Thursday, March 27, 2014

Prints As Propaganda

Dress made of Arnold Lever's Victory Fabric, 1945,
picturing the flags of the Allies in World War II.

London Walls print By Arnold Lever for a scarf for Jacqmar, which
did a series of English patriotic/propaganda scarves
during World War II.

Uncut kimono fabric,
Japan, early 1940s

Propaganda seems a harsh word. We feel most comfortable using it to describe ideas we don't care for rather than values we hold dear. 

Another Lever/Jacqmar collaboration

Perspective rests on a sliding scale between Patriotic and Propaganda and each viewer has to decide where to situate herself as she views the imagery.

These images of Japanese kimono from World War II
are from
Wearing Propaganda: Textiles on the Home Front in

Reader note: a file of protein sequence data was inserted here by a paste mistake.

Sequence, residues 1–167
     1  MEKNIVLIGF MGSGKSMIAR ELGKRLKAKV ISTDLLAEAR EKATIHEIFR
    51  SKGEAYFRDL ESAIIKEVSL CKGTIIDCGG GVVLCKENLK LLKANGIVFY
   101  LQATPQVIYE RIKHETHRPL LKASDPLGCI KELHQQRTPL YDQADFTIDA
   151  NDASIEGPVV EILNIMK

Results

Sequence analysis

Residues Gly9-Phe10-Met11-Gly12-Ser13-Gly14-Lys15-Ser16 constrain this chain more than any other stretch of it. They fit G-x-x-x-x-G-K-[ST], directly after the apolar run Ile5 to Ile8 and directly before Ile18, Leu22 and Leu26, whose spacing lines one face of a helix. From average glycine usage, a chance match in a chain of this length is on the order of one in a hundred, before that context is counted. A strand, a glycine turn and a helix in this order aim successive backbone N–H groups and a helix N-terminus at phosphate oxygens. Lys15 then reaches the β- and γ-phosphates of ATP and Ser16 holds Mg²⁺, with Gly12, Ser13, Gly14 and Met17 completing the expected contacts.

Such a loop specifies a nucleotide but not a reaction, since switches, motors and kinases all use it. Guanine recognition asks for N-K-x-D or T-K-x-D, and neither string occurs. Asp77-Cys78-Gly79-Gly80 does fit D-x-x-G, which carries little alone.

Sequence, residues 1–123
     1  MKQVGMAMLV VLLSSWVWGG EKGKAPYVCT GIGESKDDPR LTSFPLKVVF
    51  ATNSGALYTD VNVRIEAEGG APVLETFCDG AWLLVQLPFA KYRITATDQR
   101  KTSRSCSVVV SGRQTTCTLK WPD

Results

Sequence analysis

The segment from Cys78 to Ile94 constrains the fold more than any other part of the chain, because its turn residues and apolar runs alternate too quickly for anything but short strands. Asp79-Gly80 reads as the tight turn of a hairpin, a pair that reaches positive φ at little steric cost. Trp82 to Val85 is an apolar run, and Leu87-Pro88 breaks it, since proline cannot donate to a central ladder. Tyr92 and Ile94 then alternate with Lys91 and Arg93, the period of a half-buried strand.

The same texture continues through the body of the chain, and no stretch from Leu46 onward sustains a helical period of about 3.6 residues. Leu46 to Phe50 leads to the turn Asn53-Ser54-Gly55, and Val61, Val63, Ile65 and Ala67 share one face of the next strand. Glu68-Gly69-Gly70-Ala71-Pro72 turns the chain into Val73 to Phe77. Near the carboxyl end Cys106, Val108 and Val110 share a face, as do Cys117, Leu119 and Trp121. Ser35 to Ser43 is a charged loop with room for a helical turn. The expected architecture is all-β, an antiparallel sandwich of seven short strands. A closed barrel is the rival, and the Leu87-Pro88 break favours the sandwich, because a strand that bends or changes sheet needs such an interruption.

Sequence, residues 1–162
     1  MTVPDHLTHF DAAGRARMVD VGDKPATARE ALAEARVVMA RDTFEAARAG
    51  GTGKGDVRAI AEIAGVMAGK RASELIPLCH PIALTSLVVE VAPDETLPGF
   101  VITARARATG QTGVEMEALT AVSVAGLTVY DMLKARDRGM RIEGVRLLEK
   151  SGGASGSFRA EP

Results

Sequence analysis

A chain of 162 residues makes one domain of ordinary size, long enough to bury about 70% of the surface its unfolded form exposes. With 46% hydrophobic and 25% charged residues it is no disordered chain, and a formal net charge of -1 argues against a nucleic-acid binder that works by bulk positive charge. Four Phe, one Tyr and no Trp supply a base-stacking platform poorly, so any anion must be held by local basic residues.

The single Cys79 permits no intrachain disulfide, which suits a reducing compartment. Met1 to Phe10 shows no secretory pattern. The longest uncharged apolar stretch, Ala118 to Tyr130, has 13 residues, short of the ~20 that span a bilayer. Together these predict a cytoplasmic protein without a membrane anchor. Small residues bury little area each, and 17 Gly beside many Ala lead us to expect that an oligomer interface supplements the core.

Japan, Britain, and the United States, 1931-1945

Printed yardage V For Victory from the collection
of the Victoria and Albert Museum

At least two V for Victory American prints have been documented.

Feedsack print from the Rick Rack Rag
Both use Morse code for V

Percy Kent's 1942 feedsack print
Cloth of the United Nations must have been a good seller,
based on the number of surviving examples.

To the die-hard modernist, however, any use of art for the sake of the state was an unwelcome return to the past.

Read more about prints as propaganda in Jacqueline Atkins's catalog Wearing Propaganda: Textiles on the Home Front in Japan, Britain, and the United States, 1931-1945

See pictures from the exhibit:

See also Beauty as Duty (2011)  by Alexandra Huff and Frederic Sharf, catalog to an exhibit at the Boston Museum of Fine Arts:

Read more about the Jacqmar scarves:


  1. Once again you feature a very interesting and informative article. The war related fabric is new to me.

  2. Amazing. I've already ordered one book based on the last blog post. Love the Victory, Victory scarf with the flower flags. The kimono fabric is fabulous too.